In Rhode Island and across the rest of the United States, the rates of several common sexually transmitted diseases are on the rise. In fact, the U.S. has seen four straight years of increases in the rates of chlamydia, gonorrhea, and primary and secondary syphilis, according to data reported by the federal Centers for Disease Control and Prevention.
Which STDs are most common here in Rhode Island, how does our state compare to others in the region and across the nation, what’s the shape of change over time, and which locales in Rhode Island have the highest concentrations of certain sexually transmitted diseases? To answer all those questions, we’ll delve into years’ worth of data reported by the CDC.
Chlamydia Rates in Rhode Island
Rhode Island’s population-adjusted rate of chlamydia infections is 500 per 100,000 people, which places the state at No. 25 among the 50 states. Rhode Island’s rate is about 5% lower than the overall U.S. rate but is nearly double that of the state with the lowest rate, West Virginia, where chlamydia infections occur at a rate of 226.1 per 100,000 people.
Chlamydia infections per 100,000 people, top 25
The chlamydia rate in Rhode Island has risen steadily over the past half-decade and now stands at nearly 22% higher than the rate posted in 2012.
Rhode Island chlamydia rate by year (cases per 100,000 people)
Only one Northeastern state, New York, ranks among the 10 states with the highest chlamydia rates, and Rhode Island has the region’s second-highest rate. Among the 10 states with the lowest chlamydia rates, half are in this region.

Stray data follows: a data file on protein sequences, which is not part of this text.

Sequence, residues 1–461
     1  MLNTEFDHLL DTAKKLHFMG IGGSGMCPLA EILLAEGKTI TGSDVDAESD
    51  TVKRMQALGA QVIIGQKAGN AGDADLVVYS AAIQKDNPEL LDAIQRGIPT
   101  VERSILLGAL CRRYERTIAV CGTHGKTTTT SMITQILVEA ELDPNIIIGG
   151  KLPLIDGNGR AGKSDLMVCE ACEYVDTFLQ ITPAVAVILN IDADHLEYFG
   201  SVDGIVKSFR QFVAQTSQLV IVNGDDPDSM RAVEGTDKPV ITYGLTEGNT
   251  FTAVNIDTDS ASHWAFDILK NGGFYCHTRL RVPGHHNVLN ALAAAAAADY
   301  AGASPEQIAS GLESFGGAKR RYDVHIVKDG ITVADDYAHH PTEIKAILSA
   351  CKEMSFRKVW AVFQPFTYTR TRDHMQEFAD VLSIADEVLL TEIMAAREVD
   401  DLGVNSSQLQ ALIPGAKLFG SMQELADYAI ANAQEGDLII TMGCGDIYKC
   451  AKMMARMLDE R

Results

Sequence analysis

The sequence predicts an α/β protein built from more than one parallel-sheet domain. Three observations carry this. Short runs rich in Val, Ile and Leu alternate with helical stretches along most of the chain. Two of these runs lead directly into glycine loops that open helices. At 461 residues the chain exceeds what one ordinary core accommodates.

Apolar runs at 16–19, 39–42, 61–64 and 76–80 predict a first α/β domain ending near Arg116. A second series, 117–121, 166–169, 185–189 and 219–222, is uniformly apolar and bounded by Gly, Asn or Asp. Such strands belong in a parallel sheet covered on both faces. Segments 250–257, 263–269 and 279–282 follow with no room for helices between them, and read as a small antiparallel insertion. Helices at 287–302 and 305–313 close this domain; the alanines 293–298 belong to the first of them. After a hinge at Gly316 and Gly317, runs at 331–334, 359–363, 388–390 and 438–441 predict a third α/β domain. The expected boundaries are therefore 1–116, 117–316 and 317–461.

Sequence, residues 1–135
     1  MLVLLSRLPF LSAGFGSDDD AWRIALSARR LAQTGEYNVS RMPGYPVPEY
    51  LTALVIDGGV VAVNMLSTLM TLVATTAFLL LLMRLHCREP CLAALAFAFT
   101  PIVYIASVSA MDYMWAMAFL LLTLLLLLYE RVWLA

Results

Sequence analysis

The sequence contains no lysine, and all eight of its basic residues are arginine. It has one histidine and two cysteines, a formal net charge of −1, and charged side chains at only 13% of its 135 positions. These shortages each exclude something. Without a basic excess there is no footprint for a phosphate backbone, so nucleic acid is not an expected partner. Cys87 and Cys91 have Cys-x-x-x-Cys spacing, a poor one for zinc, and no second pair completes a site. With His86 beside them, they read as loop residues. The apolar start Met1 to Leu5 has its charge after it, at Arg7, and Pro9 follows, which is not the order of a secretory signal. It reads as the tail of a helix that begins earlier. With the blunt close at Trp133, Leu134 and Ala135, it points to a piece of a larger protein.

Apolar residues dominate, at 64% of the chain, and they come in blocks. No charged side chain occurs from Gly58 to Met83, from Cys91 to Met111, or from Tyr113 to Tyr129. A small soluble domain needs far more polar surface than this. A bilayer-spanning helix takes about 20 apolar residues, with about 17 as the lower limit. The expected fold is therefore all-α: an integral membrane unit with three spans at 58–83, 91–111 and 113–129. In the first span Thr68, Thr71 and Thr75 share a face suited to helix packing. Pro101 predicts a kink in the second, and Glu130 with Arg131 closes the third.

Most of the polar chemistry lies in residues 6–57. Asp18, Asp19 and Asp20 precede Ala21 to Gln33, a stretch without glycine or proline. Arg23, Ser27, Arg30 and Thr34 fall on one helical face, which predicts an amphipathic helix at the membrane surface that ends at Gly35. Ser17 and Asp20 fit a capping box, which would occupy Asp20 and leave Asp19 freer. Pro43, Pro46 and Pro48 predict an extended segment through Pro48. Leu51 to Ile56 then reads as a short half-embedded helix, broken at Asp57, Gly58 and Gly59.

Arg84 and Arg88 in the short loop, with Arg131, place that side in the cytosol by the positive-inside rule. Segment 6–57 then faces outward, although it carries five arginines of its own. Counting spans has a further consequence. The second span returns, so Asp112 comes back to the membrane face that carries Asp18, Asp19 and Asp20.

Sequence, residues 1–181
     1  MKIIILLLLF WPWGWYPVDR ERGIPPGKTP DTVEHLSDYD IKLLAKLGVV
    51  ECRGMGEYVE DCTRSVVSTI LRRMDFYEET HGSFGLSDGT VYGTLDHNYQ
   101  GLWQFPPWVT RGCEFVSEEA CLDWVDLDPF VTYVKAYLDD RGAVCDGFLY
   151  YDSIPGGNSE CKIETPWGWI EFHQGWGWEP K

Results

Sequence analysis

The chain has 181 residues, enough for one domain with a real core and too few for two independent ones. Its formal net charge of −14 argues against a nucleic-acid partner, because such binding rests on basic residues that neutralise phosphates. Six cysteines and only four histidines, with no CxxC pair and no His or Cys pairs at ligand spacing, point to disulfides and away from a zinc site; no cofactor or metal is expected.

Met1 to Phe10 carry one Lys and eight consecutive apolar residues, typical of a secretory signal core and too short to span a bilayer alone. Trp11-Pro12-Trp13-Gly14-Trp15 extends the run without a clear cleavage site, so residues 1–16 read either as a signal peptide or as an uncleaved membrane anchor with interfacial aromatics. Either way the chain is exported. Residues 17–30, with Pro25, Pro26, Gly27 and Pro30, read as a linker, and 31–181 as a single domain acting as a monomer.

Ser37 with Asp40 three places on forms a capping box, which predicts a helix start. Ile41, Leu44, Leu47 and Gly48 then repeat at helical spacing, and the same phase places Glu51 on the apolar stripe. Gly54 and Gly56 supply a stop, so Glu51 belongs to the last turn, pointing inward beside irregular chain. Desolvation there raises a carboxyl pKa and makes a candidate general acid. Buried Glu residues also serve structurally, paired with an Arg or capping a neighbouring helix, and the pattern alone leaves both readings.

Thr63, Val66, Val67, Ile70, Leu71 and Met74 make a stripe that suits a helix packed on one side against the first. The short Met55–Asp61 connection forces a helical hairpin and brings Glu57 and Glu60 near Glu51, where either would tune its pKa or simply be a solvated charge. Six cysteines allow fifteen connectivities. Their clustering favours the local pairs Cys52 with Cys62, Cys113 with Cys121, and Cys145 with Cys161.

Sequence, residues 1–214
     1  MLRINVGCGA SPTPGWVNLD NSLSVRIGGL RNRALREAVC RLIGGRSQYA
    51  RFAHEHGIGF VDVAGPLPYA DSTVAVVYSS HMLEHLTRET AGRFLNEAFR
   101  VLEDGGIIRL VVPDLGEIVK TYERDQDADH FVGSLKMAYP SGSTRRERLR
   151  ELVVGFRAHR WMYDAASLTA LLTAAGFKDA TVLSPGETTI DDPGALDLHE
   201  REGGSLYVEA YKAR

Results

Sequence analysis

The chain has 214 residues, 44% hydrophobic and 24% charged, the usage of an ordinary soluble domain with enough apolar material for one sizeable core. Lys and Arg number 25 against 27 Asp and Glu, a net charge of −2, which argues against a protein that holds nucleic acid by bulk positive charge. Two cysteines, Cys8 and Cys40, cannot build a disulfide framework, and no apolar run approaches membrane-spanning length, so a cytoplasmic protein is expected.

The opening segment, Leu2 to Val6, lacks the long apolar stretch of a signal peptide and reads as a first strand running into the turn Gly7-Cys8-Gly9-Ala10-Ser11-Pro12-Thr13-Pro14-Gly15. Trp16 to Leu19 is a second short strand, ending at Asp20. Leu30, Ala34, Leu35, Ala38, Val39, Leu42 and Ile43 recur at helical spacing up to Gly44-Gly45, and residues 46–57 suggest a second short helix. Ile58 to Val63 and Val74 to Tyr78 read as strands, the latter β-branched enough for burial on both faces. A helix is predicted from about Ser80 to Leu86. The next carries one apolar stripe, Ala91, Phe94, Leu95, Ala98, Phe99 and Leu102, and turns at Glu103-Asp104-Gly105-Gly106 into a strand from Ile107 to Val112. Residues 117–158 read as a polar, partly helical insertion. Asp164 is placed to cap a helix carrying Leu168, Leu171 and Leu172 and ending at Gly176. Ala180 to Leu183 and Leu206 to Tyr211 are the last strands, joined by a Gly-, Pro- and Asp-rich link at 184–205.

Chlamydia infection rate, Northeastern region states (cases per 100,000 people)
Gonorrhea Rates in Rhode Island
Rhode Island’s population-adjusted rate of gonorrhea infections ranks the state at No. 41 overall, just inside the bottom 10. The state’s rate is about one-third as high as the leading state, Mississippi, and is about 40% lower than the overall U.S. rate.
Gonorrhea infections per 100,000 people
Though Rhode Island is among the 10 states with the lowest gonorrhea rates, the disease has become much more prevalent in our state over the past half-decade. Between 2012 and 2017, the gonorrhea rate in Rhode Island climbed by more than 110%.
Rhode Island gonorrhea rate by year (cases per 100,000 people)
No Northeastern state ranks among the 20 states with the highest rates, and only New York has a rate that is higher than the overall U.S. rate. While Rhode Island ranks in the bottom half of the region the state’s rate is more than three times higher than that of Vermont, which has both the lowest rate in the region and the lowest rate in the nation.
Gonorrhea infection rate, Northeastern states (cases per 100,000 people)
Syphilis Rates in Rhode Island
Coming in just within the states with the 25 highest syphilis rates, Rhode Island’s population-adjusted syphilis rate of 6.7 per 100,000 is more than 25% lower than the overall national rate and is nearly three times lower than the rate posted by Nevada, which leads the nation. Still Rhode Island’s rate is many times higher than the rate recorded by Wyoming, 0.7 per 100,000, the lowest in the U.S.
Primary and secondary syphilis infections per 100,000 people, top 25
Rhode Island did manage to post a decline in the syphilis rate between 2016 and 2017, but since 2012, the rate has gone up by well over 50%.
Rhode Island primary and secondary syphilis rate by year (cases per 100,000 people)
Two Northeastern states, New York and Massachusetts, have rates within the top 20 nationally, and Rhode Island comes in third in the region behind those two states.
Primary and secondary syphilis infection rates, Northeastern states (cases per 100,000 people)
HIV & Other STD Rates in Rhode Island